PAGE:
BirdNote®: What In The World Is A Hoopoe?
Air Date: Week of December 4, 2020
The Hoopoe’s raised crest contributes to its distinctive appearance. (Photo: Nash Chou, Creative Commons)
The soft, modest hoots of the Hoopoe signal a bird so distinctive and fabled that it figures in mythologies of Arabic, Greek, Persian, Egyptian and other cultures. Birdnote’s Michael Stein has more about the bird as a cultural icon.
DOERING: From the epic migration of the Arctic Tern we take a look now at a far less ambitious migrant, the Hoopoe which travels between Britain in the summer and northern Africa in the winter. BirdNote’s Michael Stein has more about the bird as a cultural icon.
What in the World Is a Hoopoe?
Written by Bob Sundstrom
[Hoopoe song http://macaulaylibrary.org/audio/6665, 0.44-.48]
These soft, modest hoots signal a bird so distinctive, so fabled, that it is hard to know where to begin its story. So, let's start with the bird's name, Hoopoe [pronounced HOO-poo] — or Hoopo — modeled on its song. [Hoopoe song http://macaulaylibrary.org/audio/6665, 0.44-.48]
Its scientific title, too, comes from those mellow hoots: Upupa epops.
Hoopoes are also the only extant members of a unique family of birds: Upupidae [pr: oo-POO-puh-dee] And it's a crazy looking bird: jay-sized, with a long bill like a sandpiper’s. The Hoopoe's head and breast are buffy pink, with a crest it can raise like an Indian headdress. It flies on rounded, boldly zebra-striped wings, fluttering unevenly like a giant butterfly.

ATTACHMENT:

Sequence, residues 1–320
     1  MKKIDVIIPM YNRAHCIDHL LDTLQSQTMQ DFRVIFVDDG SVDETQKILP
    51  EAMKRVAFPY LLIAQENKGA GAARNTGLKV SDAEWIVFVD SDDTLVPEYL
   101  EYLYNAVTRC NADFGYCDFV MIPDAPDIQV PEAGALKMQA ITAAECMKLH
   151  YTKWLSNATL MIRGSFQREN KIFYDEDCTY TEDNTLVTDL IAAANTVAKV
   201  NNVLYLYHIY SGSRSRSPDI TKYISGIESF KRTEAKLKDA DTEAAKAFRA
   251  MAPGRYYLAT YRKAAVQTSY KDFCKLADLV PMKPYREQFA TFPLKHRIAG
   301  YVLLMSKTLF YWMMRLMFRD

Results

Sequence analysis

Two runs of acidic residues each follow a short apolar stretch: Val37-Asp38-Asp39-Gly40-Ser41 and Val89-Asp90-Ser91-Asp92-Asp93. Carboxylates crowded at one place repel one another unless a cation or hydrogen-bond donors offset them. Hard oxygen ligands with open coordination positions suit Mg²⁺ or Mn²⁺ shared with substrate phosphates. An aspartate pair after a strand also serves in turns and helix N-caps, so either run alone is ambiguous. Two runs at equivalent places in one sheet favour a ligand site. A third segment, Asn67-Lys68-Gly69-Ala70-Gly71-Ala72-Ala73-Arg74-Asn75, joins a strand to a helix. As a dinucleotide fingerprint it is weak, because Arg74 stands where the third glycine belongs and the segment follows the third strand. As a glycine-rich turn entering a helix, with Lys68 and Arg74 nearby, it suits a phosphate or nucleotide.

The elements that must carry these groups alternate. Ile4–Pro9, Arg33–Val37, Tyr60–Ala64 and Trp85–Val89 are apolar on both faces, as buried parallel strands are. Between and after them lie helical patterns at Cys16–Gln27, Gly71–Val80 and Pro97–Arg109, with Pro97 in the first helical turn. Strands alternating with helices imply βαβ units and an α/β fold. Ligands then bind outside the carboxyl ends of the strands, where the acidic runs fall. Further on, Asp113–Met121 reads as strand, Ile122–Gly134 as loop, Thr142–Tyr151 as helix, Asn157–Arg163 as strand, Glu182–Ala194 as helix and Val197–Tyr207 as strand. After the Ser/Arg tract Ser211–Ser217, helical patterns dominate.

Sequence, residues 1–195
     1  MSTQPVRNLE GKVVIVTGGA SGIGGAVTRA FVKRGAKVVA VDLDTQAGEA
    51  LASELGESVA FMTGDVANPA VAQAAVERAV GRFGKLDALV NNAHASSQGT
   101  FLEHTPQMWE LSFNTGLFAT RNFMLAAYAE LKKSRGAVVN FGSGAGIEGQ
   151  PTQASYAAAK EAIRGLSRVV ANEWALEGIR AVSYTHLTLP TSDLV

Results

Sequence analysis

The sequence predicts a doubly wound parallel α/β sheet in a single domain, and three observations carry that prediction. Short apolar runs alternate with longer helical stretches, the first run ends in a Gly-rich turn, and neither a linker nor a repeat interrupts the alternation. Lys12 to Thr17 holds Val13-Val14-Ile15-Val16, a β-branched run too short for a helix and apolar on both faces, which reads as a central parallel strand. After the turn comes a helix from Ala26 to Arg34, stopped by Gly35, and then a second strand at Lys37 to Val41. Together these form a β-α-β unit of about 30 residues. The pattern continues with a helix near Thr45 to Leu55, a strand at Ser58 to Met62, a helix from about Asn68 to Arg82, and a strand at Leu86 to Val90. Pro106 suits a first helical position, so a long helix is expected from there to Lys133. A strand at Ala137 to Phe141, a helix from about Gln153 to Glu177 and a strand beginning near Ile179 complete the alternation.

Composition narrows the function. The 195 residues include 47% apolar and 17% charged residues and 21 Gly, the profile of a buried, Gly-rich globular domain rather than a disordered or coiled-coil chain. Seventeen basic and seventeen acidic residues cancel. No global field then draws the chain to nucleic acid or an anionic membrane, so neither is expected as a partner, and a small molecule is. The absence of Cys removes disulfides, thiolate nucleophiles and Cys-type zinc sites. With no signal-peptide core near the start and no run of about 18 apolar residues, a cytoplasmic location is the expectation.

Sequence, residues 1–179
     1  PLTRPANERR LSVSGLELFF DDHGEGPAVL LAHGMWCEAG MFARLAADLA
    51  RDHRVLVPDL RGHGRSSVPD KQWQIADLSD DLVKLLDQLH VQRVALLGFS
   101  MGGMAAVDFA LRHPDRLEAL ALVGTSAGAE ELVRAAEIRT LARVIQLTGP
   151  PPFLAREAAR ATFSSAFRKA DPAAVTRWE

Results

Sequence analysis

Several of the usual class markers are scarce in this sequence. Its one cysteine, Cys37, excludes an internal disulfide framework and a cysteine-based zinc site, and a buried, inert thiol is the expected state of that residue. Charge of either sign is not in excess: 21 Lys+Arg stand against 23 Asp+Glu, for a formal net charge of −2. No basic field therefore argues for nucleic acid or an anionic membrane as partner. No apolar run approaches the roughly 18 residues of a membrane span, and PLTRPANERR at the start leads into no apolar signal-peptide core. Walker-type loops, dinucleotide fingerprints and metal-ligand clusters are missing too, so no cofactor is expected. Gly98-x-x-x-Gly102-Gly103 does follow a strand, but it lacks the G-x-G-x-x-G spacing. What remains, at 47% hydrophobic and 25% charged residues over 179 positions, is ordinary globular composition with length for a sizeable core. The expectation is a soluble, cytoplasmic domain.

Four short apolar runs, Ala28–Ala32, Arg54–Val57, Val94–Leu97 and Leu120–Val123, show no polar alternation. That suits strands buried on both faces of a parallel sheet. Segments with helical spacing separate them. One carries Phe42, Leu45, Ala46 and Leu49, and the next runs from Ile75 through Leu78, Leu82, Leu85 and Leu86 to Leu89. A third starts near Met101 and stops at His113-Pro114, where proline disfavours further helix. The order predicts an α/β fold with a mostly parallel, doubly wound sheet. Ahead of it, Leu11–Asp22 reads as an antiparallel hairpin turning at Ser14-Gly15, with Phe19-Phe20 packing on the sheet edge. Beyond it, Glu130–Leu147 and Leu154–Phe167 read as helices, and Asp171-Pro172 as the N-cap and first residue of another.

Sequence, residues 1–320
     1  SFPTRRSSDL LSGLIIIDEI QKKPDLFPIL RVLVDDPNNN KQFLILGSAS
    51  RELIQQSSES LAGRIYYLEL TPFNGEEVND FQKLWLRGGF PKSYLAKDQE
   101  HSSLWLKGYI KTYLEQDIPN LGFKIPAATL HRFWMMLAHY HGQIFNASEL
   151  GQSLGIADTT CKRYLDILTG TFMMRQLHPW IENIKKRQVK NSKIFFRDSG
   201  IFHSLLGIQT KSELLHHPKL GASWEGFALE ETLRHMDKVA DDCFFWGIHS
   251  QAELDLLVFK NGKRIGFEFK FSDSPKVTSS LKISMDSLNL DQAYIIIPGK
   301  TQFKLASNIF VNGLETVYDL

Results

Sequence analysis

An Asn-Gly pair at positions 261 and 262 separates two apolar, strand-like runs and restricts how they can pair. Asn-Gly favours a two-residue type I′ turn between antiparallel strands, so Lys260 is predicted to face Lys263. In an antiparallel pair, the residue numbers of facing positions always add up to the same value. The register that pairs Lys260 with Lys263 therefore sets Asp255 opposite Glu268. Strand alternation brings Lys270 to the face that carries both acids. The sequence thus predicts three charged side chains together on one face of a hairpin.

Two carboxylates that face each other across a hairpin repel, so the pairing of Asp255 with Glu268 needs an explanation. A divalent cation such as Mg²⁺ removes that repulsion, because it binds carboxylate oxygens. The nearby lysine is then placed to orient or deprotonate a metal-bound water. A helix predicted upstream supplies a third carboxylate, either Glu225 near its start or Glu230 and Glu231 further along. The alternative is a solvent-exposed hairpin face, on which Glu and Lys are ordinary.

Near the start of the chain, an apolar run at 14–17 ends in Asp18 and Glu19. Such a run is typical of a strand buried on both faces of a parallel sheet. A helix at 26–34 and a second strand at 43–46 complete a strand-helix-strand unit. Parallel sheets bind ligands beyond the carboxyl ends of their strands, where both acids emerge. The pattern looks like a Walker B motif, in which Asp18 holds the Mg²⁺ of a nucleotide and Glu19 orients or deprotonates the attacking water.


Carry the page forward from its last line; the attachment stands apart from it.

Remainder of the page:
It’s a bird so peculiar — and found through much of the Old World — that it’s caught the eye of humans for eons. The Hoopoe figures in mythologies of Arabic, Greek, Persian, Egyptian, and other cultures. But the bird's fame hasn't gone to its head. In all its oddity, the humble Hoopoe carries on with a minimum of fuss — nesting in tree cavities in Europe and Asia, migrating to the warmth of Africa in winter. [Hoopoe song http://macaulaylibrary.org/audio/6665, 0.44-.48]
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Bird sounds provided by The Macaulay Library at the Cornell Lab of Ornithology, Ithaca, New York. Recorded by M. North. BirdNote’s theme music was composed and played by Nancy Rumbel and John Kessler. Producer: John Kessler Executive Producer: Dominic Black © 2015 Tune In to Nature.org September 2018 / 2020 Narrator: Michael Stein ID #: EHOO-01-2015-09-17EHOO-01
DOERING: For pictures of the unusual Hoopoe migrate on over to the Living on Earth website, LOE dot org.
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